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Much loved for their nostalgic charm, banquettes can be a great seating solution in small kitchens. Here, two benches (one with additional storage built into the back) are positioned in front of a sunny window. Other eye-catching details in the room include colorful collections housed on open shelves and a playful linoleum pattern on the floor.

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1575 Hits
MAR
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Celebrity Kitchens, which is your favourite?

Prepare to be seething with jealousy in just a few moments: Your favorite stars have the most stunning kitchens ever. The world’s rich and famous really do seem to have the best taste and have effectively infused their style into their beautiful homes. For us food-obsessed people, these gorgeous kitchens are the epicenter of these glamorous lofts and mansions. Whatever your tastes are, we are absolutely certain that you will be inspired and in awe of every single one of these state-of-the-art celebrity kitchens.

Chrissy Teigen and John Legend

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Kim Kardashian and Kanye West

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Lauren Conrad

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Naomi Watts

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Roberto Cavalli

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Sarah Jessica Parker

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Tom Brady and Gisele Bundchen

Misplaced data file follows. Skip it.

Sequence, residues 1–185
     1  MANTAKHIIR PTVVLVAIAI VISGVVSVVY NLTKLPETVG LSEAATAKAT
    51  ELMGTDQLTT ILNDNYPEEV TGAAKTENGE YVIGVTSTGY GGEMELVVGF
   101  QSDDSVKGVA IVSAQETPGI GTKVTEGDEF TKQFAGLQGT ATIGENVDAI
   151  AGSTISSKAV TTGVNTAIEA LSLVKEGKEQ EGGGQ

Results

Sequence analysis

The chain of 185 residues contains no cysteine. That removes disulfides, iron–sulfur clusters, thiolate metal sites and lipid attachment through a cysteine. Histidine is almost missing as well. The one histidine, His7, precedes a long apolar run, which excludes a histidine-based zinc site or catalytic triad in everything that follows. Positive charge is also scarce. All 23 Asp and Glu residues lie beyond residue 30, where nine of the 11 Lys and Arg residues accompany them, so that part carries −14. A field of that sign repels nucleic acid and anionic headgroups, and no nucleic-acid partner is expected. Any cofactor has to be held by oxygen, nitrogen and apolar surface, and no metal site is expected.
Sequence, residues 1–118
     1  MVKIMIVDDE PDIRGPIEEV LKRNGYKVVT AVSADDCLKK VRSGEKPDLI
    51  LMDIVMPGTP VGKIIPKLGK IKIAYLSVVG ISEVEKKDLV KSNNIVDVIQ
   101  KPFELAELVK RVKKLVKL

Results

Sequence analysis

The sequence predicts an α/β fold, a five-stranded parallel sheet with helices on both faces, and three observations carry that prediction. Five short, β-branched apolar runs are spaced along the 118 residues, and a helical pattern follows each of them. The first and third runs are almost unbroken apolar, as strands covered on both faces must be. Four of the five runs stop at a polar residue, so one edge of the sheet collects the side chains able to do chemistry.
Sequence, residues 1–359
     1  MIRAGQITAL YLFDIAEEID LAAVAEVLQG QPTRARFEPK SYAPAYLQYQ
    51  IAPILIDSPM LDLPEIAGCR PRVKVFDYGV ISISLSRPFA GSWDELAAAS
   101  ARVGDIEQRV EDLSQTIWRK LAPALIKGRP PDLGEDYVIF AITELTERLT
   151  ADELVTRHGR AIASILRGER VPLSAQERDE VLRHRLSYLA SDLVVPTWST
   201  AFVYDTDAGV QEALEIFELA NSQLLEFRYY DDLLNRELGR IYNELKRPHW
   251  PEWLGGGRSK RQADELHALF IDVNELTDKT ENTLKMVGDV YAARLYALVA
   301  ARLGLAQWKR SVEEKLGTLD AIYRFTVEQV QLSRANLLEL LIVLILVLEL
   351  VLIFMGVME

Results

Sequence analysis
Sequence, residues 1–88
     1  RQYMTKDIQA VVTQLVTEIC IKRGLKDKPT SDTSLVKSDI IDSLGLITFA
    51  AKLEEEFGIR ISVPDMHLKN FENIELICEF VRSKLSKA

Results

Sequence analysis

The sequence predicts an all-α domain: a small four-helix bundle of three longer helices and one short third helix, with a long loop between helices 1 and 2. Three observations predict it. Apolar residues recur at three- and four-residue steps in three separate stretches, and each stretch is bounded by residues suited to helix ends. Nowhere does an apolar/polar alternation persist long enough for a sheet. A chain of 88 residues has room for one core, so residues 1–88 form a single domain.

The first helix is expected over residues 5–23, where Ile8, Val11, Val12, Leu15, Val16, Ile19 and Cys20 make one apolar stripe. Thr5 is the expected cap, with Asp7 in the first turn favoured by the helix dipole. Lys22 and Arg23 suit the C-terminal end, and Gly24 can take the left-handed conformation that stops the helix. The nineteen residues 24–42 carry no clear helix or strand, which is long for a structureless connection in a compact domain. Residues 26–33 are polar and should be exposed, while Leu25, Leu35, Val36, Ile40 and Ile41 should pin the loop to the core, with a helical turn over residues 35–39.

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1206 Hits
MAR
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Galley Kitchens

When you live in a city, galley kitchens are a reality. They’re everywhere. If you don’t have one, one of your friends probably does. Galley kitchens present a unique set of challenges because of their limited space and aisle-style layout. This can make using the space a huge pain, especially if the original layout isn’t conducive to cooking with ease.
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A galley kitchen doesn’t have to be your nightmare kitchen. With proper workflow and the right design, it could become the kitchen of your dreams. Galley Kitchens Are Not a Design Choice Not many people choose a galley kitchen on their own. The kitchen works in the space, but not so much for the people who end up living there.
{Weizter} {Kitchens}The Biggest Complaint? The Lack of Storage, The constricting space means that your storage options are limited. For people who have a lot of cookware, a galley kitchen often won’t have the room for it. Design Solutions for Your Galley Kitchen The stove should also be close to the serving area, and the fridge close to the sink. This gives you a more seamless transition between collecting, prepping, cooking, and serving. If your family has a host of culinary fanatics, or even if the chef just needs a little help with prep, a galley kitchen can propose some problems. There is a lot of back and forth and members of the family will get in each other’s way, make sure there are dedicated spaces in which you can prepare beverages without interfering with the cook.